Harvey Weinstein Appeals Sex Crimes Conviction Over Accusers’ Testimony
The filing marks the beginning of what is likely to be a lengthy effort by Mr. Weinstein, who was accused of sexual assault or misconduct by dozens of women, to overturn his conviction.,
Harvey Weinstein, the Hollywood producer found guilty of two felony sex crimes last year, appealed his conviction on Monday, saying several women who had accused him of sexual assault should never have been allowed to testify.
Mr. Weinstein, 69, was sentenced to 23 years in prison in a case that relied heavily on testimony from three women who spoke about Mr. Weinstein’s assaults against them at trial, though he was not charged for the behavior they described.
In the appeal, Mr. Weinstein’s lawyers said the women’s testimony led the jury to focus on the long history of allegations against their client rather than on the specific charges that had brought him into the courtroom.
“Simply put, the prosecution tried Weinstein’s character not his conduct,” Mr. Weinstein’s lawyers write in the appeal.
The long-expected appeal, filed in New York State Supreme Court, marks the beginning of what is likely to be a lengthy effort by Mr. Weinstein’s legal team to change his fate.
The allegations against Mr. Weinstein ignited the Me Too movement in 2017 after several women accused him of assault and harassment in an article in The New York Times. That article and one in The New Yorker led to many others about Mr. Weinstein, and about sexual misconduct by powerful men across multiple industries, bringing new scrutiny to behavior that had long been ignored.
Mr. Weinstein’s trial showed something further: A court system that seemed at times to be ill-equipped to bring justice to the victims of sex crimes could convict a man who had been credibly accused by so many.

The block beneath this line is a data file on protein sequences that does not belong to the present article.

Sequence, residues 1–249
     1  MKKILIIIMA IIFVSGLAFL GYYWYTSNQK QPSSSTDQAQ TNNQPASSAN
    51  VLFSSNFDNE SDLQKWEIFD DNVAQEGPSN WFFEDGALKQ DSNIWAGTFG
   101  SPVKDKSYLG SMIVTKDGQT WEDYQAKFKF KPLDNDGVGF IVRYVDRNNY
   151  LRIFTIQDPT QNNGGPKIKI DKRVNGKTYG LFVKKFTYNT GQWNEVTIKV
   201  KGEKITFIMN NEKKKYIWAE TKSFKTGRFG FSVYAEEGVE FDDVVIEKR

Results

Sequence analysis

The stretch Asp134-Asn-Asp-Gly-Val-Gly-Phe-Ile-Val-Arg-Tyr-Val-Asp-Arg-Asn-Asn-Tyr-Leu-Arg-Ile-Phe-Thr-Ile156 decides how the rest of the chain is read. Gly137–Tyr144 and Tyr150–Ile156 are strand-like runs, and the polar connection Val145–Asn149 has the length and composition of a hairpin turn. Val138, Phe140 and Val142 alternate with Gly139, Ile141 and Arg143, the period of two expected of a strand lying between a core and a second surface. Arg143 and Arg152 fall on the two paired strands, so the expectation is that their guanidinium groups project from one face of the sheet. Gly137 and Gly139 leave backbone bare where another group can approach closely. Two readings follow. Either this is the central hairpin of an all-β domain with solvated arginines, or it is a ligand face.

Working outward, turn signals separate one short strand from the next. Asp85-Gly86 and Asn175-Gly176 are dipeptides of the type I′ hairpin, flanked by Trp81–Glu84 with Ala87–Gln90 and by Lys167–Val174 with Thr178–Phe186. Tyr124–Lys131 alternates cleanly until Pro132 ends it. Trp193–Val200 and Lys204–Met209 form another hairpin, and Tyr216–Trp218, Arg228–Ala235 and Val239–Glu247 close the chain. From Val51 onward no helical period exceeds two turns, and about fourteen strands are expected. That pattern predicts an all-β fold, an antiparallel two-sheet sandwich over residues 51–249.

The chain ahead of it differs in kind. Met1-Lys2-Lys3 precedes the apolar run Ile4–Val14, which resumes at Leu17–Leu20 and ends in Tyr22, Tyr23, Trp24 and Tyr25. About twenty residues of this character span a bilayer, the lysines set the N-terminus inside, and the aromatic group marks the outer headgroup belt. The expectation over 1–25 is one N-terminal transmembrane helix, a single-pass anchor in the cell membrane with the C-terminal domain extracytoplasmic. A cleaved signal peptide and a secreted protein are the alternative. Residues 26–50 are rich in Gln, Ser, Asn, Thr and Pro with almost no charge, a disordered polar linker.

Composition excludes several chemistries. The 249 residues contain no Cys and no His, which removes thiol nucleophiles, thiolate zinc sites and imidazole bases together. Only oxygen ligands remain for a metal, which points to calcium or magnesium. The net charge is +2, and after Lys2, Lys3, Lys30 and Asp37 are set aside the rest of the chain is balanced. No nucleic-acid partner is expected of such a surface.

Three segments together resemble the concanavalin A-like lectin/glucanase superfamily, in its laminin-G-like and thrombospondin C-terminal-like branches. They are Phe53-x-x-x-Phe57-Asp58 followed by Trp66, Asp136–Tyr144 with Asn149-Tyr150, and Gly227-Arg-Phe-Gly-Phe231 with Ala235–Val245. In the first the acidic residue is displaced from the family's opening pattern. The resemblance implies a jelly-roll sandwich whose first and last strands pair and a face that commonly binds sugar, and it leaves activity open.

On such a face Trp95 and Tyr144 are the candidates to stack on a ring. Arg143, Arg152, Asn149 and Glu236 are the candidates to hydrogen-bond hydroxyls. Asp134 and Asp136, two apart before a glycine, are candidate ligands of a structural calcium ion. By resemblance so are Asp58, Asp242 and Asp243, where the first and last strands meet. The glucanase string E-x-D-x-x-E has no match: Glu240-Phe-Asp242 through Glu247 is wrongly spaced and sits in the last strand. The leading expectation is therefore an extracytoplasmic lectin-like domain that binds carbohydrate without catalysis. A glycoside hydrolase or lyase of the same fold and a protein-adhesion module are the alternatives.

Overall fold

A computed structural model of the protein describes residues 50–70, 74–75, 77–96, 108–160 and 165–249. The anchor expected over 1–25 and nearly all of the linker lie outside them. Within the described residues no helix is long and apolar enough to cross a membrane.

“This is no ordinary legal case — it was the break in the dam of decades of discrimination and unfairness,” said Karen Dunn, a partner at Paul Weiss and an experienced trial lawyer. “It is hard to imagine, particularly on the facts of this case, a court wanting to be seen as unwinding the hard-fought progress of the Me Too movement.”
Mr. Weinstein has been accused of sexual misconduct by more than 90 women. He faces additional criminal charges in Los Angeles stemming from two attacks that prosecutors there say took place in 2013.
At his sentencing, after he was convicted of a first-degree criminal sexual act and third-degree rape, Mr. Weinstein compared the movement to the Red Scare of the 1950s and himself to a screenwriter who had been blacklisted and jailed.
One key to his prosecutors’ strategy was establishing that he had engaged in a pattern of predatory behavior, echoing an approach that was successful in the trial of the actor and comedian Bill Cosby, who in 2018 was found guilty of sexual assault.
In addition to arguing that the three women’s testimony had unfairly influenced the jury, Mr. Weinstein’s lawyers said in the nearly 170-page appeal that there were other reasons to overturn the conviction.
They took issue with the admission of testimony from a fourth woman, the actress Annabella Sciorra, who testified that Mr. Weinstein had raped her in the early 1990s, evidence that jurors used to determine whether he had committed acts of predatory sexual assault. Jurors found him not guilty of two counts of that crime.
Among their other arguments is that an autobiographical book by one of the jurors in his trial indicates that she was biased against him and that expert testimony from a social psychologist that the defense had hoped to call was inappropriately barred.
Prosecutors will answer the arguments Mr. Weinstein’s lawyers have produced in their appeal, and a judge will ultimately determine whether they have merit.
“We will respond in our brief to the court,” said Danny Frost, a spokesman for the Manhattan district attorney.
Even if the appeal is successful, Mr. Weinstein is unlikely to be released from prison anytime soon.
Much of Mr. Weinstein’s legal maneuvering since he went on trial has failed. In the midst of the case, his lawyers argued that the judge was biased and tried to have him removed, only to be rejected. After the jury found Mr. Weinstein guilty, one of his lawyers asked that he be kept free on bail, partly because of his ill health. The request was not granted.